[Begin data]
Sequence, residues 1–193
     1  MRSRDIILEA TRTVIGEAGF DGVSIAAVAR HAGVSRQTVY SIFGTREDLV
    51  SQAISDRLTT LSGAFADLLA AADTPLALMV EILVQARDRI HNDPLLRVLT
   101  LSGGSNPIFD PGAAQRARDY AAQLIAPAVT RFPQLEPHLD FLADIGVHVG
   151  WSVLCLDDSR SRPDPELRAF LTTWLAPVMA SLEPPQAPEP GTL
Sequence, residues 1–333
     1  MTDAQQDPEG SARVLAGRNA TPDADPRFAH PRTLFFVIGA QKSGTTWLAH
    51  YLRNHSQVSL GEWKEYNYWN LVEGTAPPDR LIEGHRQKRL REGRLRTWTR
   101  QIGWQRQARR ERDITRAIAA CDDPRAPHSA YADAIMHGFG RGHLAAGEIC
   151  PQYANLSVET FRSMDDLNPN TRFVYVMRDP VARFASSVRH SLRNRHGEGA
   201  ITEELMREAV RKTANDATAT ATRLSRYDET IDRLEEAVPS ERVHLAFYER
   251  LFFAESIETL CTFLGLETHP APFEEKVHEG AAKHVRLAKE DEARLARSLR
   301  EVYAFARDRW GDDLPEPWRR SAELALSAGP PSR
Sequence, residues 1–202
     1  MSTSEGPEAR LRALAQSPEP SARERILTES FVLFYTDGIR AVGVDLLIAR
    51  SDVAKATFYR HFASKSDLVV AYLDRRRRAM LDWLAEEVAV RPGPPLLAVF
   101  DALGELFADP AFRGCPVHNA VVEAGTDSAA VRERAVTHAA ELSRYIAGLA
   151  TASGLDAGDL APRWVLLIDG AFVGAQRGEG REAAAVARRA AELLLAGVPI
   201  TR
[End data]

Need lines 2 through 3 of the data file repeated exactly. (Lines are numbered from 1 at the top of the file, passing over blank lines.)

     1  MRSRDIILEA TRTVIGEAGF DGVSIAAVAR HAGVSRQTVY SIFGTREDLV
    51  SQAISDRLTT LSGAFADLLA AADTPLALMV EILVQARDRI HNDPLLRVLT